Rev. Steve Wilson
Pacific Unitarian Church
October 28, 2018

“We are going to need a lot more than fig leaves to protect us; especially now when it is becoming obvious the enemy we face is not a chill wind or a fire breathing demon, but that part of us that operates its own agenda, ruthlessly ignoring the possibility of suffering and very real pain for the rest.”
—Lyall Watson, from Dark Nature


I am sitting in my car, having arrived at my destination, but I can’t get out.

Getting out feels disrespectful.

Disrespectful because another American tragedy has just happened.

Another story that, a generation ago felt like an annual moment of despair, has become a weekly sad sigh.

I am listening to another unacceptable story be told that, had I not have come to know would be followed by another one like it, feels like the kind of story that has to be the last straw.

I bet you have had a similar experience. Or many.

Sometimes like last week, with bombs in the mail, gunfire in the Temple, and a human train of refugees walking towards an unwelcoming promised land, a more than weekly event.

Our news is starting to feel biblical.

Sitting in my car, seat tipped back, my leg propped up on the dash, comfortable but only physically, I wonder fearfully if we have reached the saturation point on these stories mattering. And what that means for us as a people.

These stories, like the directions on a shampoo bottle—“lather, rinse, and repeat”—don’t seem to have a conclusion. The cycle of these stories now seems to be scary, violent moments, the public discovery that a tragedy is or has just taken place, images of coiffed reporters wringing their hands, video from a tearful vigil, short clips of poignant speeches calling for peace, followed by a fairly silent quick exit off stage to make room for the next tragic news item.

Sitting in my car, I begin to silently run through a list of practical questions and responses.

Mine last week were of the following nature.

We can’t send a security guard out with every Fed-Ex truck. Can we? Should we?

Not every school temple, church, needs an armed security guard at the door. We haven’t gone that far. Have we?

We could publicly realize that running a free modern society simply demands that more resources and attention go towards mental health.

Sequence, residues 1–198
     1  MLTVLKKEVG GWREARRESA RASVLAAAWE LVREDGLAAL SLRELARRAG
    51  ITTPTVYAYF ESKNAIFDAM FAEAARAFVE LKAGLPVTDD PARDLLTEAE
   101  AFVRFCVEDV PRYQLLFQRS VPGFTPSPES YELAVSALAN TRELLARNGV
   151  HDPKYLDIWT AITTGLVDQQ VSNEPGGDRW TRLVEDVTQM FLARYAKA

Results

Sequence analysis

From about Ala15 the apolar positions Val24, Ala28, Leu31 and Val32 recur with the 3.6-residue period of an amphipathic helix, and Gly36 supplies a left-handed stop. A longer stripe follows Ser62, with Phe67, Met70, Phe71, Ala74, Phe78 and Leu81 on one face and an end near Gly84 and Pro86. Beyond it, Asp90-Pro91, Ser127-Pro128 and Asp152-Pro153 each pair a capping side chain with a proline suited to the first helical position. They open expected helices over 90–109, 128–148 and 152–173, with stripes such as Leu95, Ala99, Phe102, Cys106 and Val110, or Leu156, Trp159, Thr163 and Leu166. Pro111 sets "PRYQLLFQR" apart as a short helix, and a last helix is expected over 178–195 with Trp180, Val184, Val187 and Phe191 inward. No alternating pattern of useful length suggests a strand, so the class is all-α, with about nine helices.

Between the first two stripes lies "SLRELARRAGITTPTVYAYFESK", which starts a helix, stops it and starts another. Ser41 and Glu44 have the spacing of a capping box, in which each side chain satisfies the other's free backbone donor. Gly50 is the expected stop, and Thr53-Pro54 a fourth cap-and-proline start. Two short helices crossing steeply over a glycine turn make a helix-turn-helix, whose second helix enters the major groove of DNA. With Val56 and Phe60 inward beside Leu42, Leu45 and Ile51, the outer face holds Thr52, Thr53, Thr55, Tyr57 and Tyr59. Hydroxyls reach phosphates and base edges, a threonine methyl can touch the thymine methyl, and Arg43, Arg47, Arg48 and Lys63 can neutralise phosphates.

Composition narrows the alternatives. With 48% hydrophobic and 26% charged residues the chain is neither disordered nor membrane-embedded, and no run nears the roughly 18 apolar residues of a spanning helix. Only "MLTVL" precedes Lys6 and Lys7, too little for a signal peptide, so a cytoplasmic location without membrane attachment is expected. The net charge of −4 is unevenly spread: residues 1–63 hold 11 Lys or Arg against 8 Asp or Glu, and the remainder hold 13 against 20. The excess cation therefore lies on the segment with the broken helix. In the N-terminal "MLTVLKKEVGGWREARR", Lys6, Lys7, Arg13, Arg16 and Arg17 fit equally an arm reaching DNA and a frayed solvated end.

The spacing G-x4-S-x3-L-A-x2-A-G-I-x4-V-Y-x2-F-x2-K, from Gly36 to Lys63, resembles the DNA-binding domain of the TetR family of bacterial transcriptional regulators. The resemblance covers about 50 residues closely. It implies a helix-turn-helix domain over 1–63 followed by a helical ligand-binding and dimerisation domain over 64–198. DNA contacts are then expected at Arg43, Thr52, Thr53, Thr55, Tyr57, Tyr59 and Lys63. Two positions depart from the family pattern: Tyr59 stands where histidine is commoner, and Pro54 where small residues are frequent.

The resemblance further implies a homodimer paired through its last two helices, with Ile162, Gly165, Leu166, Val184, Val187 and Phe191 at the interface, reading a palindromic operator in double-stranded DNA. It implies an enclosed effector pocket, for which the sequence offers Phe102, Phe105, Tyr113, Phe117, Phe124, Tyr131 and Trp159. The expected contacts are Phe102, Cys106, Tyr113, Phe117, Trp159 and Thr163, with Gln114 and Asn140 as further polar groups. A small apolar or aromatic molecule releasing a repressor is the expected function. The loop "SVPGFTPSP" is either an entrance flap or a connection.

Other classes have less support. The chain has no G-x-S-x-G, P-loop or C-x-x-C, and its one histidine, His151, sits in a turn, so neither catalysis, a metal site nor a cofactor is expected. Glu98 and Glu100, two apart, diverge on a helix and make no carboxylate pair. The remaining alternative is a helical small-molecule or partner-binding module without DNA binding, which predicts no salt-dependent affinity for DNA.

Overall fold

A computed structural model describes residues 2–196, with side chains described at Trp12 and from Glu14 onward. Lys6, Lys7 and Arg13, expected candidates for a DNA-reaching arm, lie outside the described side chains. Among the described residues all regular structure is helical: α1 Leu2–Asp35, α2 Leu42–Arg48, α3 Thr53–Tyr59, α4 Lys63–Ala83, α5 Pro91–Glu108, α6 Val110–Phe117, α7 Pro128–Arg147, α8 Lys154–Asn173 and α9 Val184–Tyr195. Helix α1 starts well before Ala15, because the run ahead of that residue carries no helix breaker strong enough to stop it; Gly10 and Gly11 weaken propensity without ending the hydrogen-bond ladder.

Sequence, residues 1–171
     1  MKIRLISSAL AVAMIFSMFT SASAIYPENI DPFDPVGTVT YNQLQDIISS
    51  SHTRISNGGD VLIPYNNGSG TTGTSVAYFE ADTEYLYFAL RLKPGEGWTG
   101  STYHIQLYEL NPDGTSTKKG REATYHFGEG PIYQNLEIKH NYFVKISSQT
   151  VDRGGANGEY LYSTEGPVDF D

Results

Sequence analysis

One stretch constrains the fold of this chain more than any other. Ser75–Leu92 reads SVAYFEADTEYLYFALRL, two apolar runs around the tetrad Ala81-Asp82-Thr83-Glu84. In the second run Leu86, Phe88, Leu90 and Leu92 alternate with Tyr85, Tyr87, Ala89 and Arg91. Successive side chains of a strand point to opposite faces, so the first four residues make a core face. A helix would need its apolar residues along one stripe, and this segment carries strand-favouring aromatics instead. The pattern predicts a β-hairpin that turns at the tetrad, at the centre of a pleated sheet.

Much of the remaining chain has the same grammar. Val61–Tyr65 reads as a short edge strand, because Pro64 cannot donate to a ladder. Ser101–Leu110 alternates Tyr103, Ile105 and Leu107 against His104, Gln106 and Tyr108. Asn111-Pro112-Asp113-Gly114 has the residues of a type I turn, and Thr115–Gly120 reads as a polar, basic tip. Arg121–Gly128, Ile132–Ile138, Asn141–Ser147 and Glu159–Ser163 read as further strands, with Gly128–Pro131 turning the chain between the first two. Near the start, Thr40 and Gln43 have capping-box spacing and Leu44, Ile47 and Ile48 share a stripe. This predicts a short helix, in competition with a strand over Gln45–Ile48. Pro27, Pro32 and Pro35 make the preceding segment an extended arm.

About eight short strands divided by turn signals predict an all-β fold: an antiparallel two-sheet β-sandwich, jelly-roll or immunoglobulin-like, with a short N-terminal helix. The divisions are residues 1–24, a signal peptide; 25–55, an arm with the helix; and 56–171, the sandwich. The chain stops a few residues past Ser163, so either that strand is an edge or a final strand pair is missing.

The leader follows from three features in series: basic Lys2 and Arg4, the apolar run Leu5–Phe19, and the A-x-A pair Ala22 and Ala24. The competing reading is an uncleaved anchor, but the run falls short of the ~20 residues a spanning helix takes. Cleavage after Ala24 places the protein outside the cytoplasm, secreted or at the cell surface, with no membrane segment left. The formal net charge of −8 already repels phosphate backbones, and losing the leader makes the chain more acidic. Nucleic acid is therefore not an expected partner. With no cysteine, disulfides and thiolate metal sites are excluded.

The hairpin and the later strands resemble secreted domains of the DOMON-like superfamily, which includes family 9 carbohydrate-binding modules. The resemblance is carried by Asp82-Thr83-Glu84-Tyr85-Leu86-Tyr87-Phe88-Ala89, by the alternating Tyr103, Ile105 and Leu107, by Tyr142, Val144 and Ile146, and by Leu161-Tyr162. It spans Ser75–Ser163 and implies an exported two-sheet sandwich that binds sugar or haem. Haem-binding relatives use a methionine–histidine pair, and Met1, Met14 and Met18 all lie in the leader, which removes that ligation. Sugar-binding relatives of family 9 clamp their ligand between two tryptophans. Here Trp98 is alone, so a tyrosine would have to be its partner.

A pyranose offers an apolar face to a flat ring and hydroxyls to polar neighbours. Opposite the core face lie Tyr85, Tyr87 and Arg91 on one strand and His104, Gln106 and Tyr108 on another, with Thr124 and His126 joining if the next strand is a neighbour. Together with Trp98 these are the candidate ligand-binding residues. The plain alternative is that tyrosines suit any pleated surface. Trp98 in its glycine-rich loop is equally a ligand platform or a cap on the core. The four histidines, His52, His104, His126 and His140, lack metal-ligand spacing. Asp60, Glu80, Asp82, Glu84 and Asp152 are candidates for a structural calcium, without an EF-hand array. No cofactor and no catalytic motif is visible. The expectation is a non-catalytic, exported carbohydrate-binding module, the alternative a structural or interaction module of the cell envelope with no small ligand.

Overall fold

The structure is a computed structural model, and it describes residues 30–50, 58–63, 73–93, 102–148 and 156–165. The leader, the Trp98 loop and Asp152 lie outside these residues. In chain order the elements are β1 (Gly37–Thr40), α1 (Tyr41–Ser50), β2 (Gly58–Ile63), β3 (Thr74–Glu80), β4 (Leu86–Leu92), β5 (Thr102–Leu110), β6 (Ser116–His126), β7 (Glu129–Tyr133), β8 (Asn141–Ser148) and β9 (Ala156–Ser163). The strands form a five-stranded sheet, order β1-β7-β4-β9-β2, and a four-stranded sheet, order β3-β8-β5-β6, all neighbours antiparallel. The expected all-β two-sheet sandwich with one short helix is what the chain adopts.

We could publicly present a moral challenge to gun owners of good conscience as to how they can hold what they might consider a hobby, to be such a right.

Sitting in the car, I wonder if there might be a class action law suit possible for gun producers. The kind where tobacco companies eventually had to face the consequences of their actions.

Maybe a federal tax on bullets, I muse, one that is pro-rated for how many innocent people are shot, a higher tax if it’s a hate crime.

All of these are actually decent ideas, but I remind myself that all political problems are problems of limited will, not options.

This leads me to settle on the fact that I and we could care more.

Maybe not more, but longer, more virulently.

When I was in Grad school I got a chance to study with the Evangelical but progressive Editor of Sojourners magazine, Jim Wallis. Yes, an evangelical Christian, who is essentially a progressive. They do exist.

Wallis, who was quite famous at the time, consistently said to us Divinity School students that it was our sacred task, our job description in fact as clergy, “to act as the political conscience of society.” Essentially to be prophets.

I remember Wallis reminding us that in the Bible it reads, “Without a vision, the people perish,” and points out a different translation: “Without prophecy, the people cast off restraint.” Both deep and catchy phrases.

I agreed and agree with all of it.

I know that I don’t always, or even usually, live up to that, but I agree.

For Jim Wallis the two elements of being a prophet were to first cry out against injustice, and second to cast a new vision before the people.
It’s not like we as modern Americans are not aware of the injustice of innocents dying.

We collectively cry out against the injustice of innocent lives lost pretty well.

At least for a while.

It’s the new vision part that seems to be the problem.

It seems that the new vision is actually an old vision. A vision of a world that doesn’t exist anymore

Our new vision is one in which our country is white and run by whites, run by males, developing or exploiting natural resources like we just discovered them, like we needed guns because it was the frontier, and that there was a diversity in the world and in our world that we could dismiss.

The problem is the new vision.

We need a new vision for America that acknowledges that we have a choice. We can be a people that can pretend the world doesn’t exist, and that this latest tragedy has to be the last straw, because we just can’t face that it is not.